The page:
Photo: Monitor Deloitte
The paper identified two main types of business models to deliver rural toilets: the Do It Yourself (DIY) model and a Turnkey Solution Provider (TSP) model. Both models require a central player or ‘market maker’ to conduct market-building activities to get the models started. Organisations such as NGOs, microfinance institution (MFIs) and cement companies can play this role, while the Government has a key role in facilitating the development of the sanitation market.
The Government of India has approved funding of over US$ 4 billion for rural sanitation, but less than 60% of these funds have been used, the paper says. Census data indicates that many of these Government supported toilets may be non-existent or not-in-use.
Research by Monitor Deloitte in the Indian state of Bihar showed 84% of households surveyed in rural Bihar indicated their desire for a toilet and 38% of these households had actually researched available product options. Safety of women, convenience and privacy as opposed to health were key drivers.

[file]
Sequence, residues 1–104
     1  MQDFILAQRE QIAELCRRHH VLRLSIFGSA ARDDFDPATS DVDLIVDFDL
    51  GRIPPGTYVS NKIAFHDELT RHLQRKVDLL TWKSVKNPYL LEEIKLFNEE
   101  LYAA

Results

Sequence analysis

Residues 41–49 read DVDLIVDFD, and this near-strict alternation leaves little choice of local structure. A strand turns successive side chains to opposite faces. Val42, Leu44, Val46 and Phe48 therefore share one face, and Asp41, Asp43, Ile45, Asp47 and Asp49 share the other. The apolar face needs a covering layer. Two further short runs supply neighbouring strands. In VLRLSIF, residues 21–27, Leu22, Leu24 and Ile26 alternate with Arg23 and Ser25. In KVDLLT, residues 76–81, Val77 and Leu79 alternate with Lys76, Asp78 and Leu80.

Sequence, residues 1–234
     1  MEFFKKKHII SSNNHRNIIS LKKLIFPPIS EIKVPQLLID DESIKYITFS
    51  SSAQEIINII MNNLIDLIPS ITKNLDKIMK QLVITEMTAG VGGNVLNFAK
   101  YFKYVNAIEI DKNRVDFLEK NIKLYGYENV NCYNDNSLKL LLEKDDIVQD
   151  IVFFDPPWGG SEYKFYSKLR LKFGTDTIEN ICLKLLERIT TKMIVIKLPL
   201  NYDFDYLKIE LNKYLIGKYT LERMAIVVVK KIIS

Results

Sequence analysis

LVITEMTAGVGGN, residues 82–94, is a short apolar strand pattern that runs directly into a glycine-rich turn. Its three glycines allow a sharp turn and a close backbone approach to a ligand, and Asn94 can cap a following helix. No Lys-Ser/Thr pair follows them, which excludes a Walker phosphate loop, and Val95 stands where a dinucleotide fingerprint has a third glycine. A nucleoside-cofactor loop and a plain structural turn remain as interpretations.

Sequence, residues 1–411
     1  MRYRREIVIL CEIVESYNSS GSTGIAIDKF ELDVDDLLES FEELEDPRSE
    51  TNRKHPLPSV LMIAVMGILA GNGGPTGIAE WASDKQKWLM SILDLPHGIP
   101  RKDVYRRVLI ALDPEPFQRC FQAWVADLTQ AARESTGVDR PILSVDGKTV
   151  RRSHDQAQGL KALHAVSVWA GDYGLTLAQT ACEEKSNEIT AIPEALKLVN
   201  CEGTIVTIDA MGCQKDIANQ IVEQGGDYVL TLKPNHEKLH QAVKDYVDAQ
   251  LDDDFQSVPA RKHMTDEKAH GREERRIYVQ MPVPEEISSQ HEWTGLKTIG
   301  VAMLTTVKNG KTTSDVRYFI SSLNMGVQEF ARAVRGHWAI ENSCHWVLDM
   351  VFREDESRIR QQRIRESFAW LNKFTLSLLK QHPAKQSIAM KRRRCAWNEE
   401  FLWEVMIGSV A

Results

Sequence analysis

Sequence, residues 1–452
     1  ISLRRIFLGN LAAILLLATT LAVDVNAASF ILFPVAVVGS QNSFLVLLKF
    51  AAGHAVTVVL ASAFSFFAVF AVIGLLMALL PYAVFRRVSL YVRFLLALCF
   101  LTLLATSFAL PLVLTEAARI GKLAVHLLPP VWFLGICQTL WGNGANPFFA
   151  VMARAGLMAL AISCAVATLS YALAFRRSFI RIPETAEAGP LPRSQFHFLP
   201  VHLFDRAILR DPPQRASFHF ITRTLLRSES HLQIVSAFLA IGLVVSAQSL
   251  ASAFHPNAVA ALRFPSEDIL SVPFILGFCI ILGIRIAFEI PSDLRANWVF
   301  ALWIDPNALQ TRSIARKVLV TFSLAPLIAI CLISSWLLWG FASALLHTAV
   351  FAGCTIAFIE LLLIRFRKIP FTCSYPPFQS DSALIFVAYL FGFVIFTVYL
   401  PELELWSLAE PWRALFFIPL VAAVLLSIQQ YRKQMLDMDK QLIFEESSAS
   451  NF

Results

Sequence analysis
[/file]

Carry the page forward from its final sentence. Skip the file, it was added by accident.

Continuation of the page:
Deloitte is organising a series of open conference calls to discuss their findings on the following dates:
- February 12, 10am IST
- February 25, 10am IST
- March 5, 9:30am IST
- March 13, 9:30pm IST
Please request RSVPs to email@example.com for more information and materials for the call.
In the wake of the World Cup and the Olympics, activists in Brazil are taking to the streets (and the beaches) demanding more investment in neglected public services like sanitation.
Activist group Meu Rio (My Rio) sat on lavatories on Ipanema beach in Rio de Janeiro to raise awareness about the dumping of untreated sewage into the sea. The group also laid out coloured silhouettes of common bacteria found in sewage on the sand.
Some 70% of Rio’s sewage is said to be untreated as it flows into the sea off the beaches of Copacabana, Ipanema and the Guanabara Bay, which will host several events at the 2016 Olympics and Paralympics.
Source: Sky News, 26 Jan 2014